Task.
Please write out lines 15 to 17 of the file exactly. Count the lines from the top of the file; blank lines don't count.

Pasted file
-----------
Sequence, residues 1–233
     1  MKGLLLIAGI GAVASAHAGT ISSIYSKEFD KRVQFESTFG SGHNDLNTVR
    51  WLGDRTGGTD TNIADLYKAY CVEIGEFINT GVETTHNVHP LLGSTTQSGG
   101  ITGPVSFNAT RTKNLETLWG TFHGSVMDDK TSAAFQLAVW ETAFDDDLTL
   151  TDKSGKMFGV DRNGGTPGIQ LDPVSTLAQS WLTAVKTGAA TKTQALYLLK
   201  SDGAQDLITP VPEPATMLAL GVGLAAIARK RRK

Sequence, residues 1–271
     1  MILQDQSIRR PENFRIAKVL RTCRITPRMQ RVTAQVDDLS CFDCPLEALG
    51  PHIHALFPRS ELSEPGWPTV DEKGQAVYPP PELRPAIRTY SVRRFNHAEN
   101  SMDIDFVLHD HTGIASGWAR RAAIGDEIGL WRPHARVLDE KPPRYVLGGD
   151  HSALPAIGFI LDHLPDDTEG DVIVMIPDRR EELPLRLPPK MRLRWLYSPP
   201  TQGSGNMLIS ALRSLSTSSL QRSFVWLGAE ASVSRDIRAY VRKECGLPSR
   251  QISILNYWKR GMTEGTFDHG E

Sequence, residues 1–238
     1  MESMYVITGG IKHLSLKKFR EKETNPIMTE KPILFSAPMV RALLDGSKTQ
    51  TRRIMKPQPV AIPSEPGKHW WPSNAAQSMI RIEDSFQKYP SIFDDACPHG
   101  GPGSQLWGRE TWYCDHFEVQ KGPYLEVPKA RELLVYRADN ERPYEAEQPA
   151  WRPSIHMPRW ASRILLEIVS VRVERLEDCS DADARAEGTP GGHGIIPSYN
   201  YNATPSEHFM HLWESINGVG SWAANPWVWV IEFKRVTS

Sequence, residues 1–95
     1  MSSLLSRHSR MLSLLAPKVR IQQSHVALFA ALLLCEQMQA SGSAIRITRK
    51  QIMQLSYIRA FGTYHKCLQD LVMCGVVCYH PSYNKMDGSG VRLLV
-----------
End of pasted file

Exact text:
     1  MESMYVITGG IKHLSLKKFR EKETNPIMTE KPILFSAPMV RALLDGSKTQ
    51  TRRIMKPQPV AIPSEPGKHW WPSNAAQSMI RIEDSFQKYP SIFDDACPHG
   101  GPGSQLWGRE TWYCDHFEVQ KGPYLEVPKA RELLVYRADN ERPYEAEQPA